If like me you value your privacy and want to explore the topic that is IoT, then this tutorial may well be for you.
I have deliberately named the instructable 'Intranet' and not 'Internet' of Things to underline the point that all data, information, control, traffic, communications will remain local to you and not wend its merry way to some clandestine end point out there in the internet. Muah Ha Ha Ha Haaa!
The only caveat to this would be the usual health warnings using Home WiFi. Should I become aware there are any potential leaks then I will specifically mention this risk in the body of the Instructable.
So paraphrase our American cousins, 'What happens in your IoT, stays in your IoT!'
This Instructable, the first in a series of independent but related parts, documents how to set up your own IoT infrastructure and connect the pieces together and get them interworking.
Once in place you will be able to simply add whatever IoT device your heart desires. So long as you can stick a Wifi or Ethernet connection on it that is.
To get you up and running as quickly as possible the main devices used will be Raspberry Pi, Arduino with Ethernet Shield and ESP8266-01. I chose these as there is literally a 'Tonne' of information, source code, projects, videos, blogs etc. In fact cutting through rubbish to get to the good stuff was where all the hard work went (well, that and some coding). At the end of each part, where applicable I cite the sources used so you can do your own 'digging'.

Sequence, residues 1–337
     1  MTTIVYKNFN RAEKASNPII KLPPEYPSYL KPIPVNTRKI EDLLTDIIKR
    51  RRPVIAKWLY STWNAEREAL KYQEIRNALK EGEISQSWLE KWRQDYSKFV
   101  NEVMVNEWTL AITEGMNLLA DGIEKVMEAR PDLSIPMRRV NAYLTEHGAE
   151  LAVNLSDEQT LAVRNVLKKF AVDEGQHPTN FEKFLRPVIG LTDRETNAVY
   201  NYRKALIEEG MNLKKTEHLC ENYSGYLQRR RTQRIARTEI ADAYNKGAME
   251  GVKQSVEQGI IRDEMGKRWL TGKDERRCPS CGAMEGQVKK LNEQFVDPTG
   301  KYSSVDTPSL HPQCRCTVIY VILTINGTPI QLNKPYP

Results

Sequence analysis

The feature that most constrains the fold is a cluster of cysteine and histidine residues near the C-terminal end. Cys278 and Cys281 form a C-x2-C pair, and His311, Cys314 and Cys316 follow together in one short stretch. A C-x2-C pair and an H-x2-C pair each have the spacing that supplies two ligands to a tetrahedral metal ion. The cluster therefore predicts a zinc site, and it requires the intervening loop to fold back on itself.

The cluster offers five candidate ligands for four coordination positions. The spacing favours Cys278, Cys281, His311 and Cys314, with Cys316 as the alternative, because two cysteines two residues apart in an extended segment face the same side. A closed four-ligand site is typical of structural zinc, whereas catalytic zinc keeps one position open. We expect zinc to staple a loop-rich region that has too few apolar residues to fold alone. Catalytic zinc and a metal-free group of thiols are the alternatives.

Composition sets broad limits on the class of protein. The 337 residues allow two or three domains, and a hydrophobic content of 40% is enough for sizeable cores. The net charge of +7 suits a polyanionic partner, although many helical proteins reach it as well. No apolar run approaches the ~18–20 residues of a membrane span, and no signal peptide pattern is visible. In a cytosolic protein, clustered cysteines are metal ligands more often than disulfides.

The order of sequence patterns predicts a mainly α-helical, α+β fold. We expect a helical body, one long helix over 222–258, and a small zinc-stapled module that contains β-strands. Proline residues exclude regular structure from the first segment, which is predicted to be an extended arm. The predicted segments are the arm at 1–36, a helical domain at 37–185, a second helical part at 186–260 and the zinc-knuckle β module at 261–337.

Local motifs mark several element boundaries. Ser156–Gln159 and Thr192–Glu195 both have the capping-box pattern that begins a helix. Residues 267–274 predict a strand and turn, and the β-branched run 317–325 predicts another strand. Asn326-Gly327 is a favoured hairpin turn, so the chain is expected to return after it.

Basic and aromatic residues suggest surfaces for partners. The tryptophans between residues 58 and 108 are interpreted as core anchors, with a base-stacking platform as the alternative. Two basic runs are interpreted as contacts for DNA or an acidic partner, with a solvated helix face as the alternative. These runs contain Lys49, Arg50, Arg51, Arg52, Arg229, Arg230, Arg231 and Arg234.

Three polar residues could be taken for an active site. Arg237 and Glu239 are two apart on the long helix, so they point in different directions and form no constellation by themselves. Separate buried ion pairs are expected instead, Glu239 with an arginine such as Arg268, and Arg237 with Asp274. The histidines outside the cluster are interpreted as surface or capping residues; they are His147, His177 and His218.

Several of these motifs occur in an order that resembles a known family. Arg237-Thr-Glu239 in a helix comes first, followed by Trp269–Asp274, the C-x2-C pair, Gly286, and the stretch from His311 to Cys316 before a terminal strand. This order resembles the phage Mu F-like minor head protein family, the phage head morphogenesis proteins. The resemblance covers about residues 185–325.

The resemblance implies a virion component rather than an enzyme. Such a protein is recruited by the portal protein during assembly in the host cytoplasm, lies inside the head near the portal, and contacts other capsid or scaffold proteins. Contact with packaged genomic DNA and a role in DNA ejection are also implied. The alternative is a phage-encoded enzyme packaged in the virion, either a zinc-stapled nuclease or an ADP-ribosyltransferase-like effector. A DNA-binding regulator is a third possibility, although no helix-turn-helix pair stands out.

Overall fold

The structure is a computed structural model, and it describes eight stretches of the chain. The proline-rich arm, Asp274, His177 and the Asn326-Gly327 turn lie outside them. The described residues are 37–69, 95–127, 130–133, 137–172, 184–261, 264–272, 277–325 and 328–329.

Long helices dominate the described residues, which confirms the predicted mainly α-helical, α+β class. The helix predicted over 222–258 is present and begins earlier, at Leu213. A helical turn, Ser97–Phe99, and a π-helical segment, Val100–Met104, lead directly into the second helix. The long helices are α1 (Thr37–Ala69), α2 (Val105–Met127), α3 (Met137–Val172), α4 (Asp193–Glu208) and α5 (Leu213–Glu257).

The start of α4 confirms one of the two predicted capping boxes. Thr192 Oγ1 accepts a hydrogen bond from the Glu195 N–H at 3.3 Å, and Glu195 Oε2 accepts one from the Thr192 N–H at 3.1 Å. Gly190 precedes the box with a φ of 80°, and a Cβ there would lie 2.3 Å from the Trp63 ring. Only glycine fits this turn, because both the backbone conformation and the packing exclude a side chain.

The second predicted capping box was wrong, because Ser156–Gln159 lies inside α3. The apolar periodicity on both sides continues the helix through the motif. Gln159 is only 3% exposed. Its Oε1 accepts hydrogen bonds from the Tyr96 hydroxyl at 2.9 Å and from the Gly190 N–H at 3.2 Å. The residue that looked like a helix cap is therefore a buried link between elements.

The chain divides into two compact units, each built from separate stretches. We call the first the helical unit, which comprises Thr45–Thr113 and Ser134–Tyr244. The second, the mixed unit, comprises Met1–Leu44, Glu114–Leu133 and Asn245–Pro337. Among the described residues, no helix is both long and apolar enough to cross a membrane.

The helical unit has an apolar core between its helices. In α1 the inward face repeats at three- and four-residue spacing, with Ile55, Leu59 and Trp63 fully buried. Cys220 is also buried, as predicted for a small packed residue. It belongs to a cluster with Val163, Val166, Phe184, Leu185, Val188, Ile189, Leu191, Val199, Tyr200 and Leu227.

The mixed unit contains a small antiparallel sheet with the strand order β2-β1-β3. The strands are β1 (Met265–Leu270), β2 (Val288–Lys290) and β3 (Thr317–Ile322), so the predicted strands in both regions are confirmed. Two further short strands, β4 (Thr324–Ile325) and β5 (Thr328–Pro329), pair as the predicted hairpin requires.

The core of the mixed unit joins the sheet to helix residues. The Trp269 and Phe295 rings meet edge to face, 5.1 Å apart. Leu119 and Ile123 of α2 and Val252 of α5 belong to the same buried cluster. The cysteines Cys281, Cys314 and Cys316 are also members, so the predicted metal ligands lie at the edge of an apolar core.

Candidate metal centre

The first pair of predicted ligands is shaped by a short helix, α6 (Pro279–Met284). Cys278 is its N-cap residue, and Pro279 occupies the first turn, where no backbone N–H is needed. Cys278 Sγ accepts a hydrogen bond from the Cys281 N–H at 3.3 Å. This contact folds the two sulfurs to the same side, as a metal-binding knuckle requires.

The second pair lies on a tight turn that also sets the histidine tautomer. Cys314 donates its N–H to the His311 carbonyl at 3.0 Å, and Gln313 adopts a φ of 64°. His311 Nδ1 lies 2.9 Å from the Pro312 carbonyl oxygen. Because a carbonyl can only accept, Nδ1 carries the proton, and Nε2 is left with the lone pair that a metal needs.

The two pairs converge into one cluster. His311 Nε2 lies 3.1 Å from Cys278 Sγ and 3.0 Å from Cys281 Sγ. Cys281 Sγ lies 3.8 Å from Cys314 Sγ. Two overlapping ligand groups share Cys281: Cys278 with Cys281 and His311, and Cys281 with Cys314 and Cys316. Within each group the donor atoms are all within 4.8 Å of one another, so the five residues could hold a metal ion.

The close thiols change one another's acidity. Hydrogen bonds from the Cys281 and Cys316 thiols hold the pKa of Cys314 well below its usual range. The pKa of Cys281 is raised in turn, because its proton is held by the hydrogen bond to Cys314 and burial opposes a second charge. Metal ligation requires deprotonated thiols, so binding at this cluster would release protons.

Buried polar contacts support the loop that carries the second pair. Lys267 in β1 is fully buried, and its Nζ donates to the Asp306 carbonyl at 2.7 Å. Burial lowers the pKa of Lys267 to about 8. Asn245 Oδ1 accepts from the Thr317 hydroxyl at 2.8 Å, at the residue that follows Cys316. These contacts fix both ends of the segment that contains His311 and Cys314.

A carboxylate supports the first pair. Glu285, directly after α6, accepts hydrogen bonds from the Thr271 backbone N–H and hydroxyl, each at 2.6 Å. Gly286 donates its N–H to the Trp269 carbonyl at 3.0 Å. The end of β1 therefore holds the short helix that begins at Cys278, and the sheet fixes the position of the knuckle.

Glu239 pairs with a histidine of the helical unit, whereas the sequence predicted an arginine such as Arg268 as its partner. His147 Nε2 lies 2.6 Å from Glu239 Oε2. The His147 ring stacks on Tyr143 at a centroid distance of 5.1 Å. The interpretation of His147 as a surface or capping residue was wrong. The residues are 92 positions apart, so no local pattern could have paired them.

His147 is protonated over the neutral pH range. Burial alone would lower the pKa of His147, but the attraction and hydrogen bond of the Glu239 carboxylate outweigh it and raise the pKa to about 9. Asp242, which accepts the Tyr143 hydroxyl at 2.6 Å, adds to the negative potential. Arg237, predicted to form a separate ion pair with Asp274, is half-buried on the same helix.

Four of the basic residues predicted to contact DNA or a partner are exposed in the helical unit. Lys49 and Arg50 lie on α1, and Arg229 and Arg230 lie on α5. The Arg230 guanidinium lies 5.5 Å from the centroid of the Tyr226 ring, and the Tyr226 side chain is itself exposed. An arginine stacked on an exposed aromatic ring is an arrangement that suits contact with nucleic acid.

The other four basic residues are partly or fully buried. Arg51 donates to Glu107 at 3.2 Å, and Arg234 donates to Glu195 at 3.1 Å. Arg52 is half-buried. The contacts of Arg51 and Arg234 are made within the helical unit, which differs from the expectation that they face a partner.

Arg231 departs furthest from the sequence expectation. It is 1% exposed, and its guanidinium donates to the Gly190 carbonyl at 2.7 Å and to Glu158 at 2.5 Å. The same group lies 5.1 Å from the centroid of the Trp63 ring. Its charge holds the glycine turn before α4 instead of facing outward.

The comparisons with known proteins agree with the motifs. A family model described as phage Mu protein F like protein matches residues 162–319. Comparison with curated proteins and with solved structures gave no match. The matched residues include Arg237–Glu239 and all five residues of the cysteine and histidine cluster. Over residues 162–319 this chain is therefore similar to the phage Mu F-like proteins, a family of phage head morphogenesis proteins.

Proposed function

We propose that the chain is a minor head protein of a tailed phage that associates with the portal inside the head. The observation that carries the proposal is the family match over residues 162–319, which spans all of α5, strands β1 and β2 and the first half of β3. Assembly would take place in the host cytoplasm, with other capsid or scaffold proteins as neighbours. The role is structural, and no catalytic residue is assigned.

As mentioned above, the guide seeks to get you up and running as quickly as possible but this comes at a price. I removed as much of the 'Techno Babble' as I could (no, seriously I did), so as wide an audience as possible could have a go.
Later on, if you have more than just a passing interest in this Instructable topic, for the more serious home automation advocate I will recapitulate the various parts typically covering;
- MQTT Topic naming conventions
- DHCP versus Fixed IP
- Practical Pi.
- Remote access via VNC
From empirical experience I have found the true test of a successful project is how much it improves your world, how well it integrates into your lifestyle, how much you come to rely upon it, how easy it is to use and how much you miss it when it's gone. The topics above will hopefully prevent the latter.
Note : When configuring the Raspberry Pi I found it exhibited non-deterministic behaviour from time to time. You should therefore follow the examples given to the letter as I most probably won't be able to help you debug your install.
As always you follow this series at your own risk.